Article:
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  Life   More Features  11 Oct 2017  Sleep-talkers engage in aggressive, abusive but 'grammatically correct' conversations: Study

Sleep-talkers engage in aggressive, abusive but 'grammatically correct' conversations: Study

THE ASIAN AGE
Published : Oct 11, 2017, 12:03 pm IST
Updated : Oct 11, 2017, 12:08 pm IST

The study published in the journal Sleep tracked sleep-associated speech in 232 adults.

The study published in the journal Sleep tracked sleep-associated speech in 232 adults. (Photo: Pixabay)
 The study published in the journal Sleep tracked sleep-associated speech in 232 adults. (Photo: Pixabay)

A new study has found that while sleep-talkers engage in more aggressive talk than polite, more often than not they manage to be 'grammatically correct'.

The study published in the journal Sleep tracked sleep-associated speech in 232 adults.

The French researchers who headed the study found that sleep-talkers follow the patterns of a typical conversation, and those who suffered from it even took pauses to let the other person ('the inaudible others') speak their part.

The study revealed that men abused more in their sleep than women, and that the most commonly used word was 'No'.

‘Sleep-talking may correspond to the “punch-line” of a conversation, the emergent, most violent part of the iceberg of covert speech, increasing the negativity of the language and verbal abuse,’ the researchers wrote in the study.

While the participants rarely used the French equivalent of the f-word while awake, the word was observed at a rate over 800 times higher when they were sleep talking.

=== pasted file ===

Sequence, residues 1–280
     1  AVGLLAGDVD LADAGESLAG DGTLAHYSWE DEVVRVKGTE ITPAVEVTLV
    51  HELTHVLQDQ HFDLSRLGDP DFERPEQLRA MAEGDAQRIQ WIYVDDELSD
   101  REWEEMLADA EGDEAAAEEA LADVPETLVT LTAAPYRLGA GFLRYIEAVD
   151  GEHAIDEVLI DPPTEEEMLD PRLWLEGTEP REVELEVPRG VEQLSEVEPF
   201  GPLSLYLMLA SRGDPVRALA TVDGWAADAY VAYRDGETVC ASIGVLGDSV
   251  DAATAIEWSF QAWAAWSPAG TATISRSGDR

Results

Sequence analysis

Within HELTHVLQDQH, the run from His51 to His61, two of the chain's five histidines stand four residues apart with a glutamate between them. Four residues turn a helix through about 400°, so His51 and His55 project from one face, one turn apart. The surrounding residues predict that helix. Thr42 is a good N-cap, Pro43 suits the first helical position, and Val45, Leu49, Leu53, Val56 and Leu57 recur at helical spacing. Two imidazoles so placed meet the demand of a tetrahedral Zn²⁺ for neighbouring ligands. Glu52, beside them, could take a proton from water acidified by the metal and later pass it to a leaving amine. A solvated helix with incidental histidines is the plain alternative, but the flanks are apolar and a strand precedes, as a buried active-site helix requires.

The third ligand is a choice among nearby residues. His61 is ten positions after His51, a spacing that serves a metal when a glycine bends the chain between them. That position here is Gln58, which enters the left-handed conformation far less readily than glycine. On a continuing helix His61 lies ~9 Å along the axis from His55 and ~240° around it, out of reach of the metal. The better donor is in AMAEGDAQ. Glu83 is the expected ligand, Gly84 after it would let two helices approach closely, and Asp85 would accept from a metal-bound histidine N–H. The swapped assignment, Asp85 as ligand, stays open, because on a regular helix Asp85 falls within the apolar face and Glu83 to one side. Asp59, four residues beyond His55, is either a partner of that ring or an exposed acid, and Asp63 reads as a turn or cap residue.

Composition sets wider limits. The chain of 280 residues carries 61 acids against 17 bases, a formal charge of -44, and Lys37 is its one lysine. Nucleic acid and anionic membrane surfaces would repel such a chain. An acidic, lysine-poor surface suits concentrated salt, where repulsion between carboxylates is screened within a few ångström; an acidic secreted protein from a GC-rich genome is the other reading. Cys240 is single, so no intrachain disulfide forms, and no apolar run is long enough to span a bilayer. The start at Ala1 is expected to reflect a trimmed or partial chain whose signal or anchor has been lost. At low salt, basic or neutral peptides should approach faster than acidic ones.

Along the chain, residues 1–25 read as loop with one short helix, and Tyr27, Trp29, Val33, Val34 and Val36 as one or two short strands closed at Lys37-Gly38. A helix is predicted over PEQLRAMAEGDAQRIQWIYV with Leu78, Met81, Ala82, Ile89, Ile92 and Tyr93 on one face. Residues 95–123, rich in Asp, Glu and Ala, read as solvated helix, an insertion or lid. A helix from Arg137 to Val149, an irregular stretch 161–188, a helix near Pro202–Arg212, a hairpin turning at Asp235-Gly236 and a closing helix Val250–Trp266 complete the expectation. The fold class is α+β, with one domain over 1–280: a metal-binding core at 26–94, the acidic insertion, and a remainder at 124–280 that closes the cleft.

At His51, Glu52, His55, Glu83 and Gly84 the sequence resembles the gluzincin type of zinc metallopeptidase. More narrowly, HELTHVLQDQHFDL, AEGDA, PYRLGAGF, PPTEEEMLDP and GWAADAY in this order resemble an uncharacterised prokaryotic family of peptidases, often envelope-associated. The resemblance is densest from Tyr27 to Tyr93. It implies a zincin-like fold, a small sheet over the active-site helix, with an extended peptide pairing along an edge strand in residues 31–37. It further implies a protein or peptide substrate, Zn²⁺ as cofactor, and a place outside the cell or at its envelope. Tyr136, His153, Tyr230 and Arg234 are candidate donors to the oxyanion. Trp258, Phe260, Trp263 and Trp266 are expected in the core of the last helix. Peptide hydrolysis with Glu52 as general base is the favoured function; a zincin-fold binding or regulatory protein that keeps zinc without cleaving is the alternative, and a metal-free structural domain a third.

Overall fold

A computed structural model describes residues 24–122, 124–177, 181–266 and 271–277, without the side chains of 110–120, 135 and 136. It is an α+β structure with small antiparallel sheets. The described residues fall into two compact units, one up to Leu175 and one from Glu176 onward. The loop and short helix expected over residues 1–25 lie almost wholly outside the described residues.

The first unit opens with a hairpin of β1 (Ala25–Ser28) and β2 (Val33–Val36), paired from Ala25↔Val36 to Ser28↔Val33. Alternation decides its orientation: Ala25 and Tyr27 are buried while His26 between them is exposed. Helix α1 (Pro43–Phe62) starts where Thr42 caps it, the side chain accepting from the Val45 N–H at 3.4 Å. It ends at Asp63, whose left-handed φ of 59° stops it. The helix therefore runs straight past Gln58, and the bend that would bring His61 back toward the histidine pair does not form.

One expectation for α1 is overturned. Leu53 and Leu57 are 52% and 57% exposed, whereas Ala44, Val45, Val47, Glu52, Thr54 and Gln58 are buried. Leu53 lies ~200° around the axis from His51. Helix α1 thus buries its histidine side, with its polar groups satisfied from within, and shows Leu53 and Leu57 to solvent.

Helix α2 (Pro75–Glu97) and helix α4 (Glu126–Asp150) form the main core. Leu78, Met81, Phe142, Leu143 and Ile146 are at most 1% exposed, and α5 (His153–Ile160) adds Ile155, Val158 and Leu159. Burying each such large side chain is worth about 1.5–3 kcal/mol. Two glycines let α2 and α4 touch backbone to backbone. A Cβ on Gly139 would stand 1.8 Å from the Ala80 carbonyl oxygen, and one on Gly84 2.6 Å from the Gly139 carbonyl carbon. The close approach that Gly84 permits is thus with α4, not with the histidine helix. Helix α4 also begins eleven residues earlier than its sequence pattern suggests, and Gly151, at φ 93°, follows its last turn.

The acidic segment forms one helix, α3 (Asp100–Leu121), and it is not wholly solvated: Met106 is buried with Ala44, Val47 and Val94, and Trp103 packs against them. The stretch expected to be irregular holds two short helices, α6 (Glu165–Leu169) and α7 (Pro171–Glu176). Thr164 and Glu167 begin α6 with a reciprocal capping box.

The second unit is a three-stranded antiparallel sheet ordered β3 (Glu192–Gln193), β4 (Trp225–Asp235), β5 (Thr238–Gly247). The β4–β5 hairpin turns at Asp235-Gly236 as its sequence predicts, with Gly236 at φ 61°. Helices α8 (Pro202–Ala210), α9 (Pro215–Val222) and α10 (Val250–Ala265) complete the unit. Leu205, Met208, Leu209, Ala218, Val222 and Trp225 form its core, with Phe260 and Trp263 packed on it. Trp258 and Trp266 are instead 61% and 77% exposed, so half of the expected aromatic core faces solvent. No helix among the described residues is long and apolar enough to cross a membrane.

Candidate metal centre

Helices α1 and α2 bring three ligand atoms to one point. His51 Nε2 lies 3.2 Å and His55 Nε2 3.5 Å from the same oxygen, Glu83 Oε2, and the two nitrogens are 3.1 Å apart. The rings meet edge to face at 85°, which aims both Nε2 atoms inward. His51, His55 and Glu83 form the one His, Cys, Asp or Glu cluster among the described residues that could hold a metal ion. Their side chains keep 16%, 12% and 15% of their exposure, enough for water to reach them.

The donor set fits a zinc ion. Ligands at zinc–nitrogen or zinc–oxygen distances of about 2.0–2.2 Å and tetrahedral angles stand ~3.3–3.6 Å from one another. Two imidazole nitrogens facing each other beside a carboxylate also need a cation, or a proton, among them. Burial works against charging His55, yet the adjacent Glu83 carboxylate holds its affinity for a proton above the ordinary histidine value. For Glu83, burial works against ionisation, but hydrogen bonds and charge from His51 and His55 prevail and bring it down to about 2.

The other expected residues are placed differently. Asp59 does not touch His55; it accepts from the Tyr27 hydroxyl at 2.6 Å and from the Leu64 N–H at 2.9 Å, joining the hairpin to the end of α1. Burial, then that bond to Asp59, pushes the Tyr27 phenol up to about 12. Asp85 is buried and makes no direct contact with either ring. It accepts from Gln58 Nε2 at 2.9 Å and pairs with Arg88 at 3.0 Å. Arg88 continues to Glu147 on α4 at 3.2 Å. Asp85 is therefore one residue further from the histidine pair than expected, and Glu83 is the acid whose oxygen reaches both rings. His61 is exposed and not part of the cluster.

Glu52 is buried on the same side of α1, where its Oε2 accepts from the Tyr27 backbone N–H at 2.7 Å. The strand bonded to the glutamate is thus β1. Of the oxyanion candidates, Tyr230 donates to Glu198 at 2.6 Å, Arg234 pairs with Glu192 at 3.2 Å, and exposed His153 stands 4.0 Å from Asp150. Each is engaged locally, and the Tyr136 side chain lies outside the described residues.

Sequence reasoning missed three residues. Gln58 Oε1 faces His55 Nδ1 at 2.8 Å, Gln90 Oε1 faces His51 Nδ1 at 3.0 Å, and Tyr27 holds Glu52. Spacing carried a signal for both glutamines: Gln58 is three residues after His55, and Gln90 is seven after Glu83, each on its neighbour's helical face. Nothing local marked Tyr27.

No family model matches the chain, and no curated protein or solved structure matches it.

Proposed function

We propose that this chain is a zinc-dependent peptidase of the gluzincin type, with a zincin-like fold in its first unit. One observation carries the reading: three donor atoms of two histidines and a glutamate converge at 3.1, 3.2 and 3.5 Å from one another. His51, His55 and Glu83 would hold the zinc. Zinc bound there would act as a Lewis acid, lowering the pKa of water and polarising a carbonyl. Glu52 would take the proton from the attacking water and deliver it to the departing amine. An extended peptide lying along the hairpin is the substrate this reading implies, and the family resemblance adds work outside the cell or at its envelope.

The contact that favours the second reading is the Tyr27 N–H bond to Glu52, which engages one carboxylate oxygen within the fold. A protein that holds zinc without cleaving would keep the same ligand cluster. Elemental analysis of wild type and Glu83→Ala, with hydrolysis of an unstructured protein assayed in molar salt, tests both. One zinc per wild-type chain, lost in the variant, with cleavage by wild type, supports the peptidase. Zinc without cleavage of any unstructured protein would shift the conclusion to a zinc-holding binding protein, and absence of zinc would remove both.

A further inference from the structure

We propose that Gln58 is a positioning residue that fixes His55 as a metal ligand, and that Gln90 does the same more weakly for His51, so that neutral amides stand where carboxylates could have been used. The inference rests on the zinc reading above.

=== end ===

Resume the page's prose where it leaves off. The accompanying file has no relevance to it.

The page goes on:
Polite or kind words were observed only 12 times from 361 episodes.

In one example, a participant was recorded saying ‘Liar! I’ll slap you in the face if you sign it.’

The researchers observed subjects across several nights, tracking the number of words along with propositions and speech episodes, frequency, gaps and pauses, and other factors.

This study is considered to be one of the largest investigations into sleep-talking.

The researchers wrote in the journal: ‘Language during sleep is mostly a familiar, tensed conversation with inaudible others, suggestive of conflicts.’

It has helped to provide new insight on this phenomenon and the findings have challenged long-held beliefs that sleep-talkers become child-like during episodes.

‘Sleep talking parallels awake talking for syntax, semantics, and turn-taking in conversation, suggesting that the sleeping brain can function at a high level,’ the researchers added in the study.

So while sleep-talkers may get more abusive and aggressive in their sleep, it was found that they were grammatically correct and followed normal adult speech pattern.

 

Tags: sleep talking, profanities, french, syntax, semantics, conversation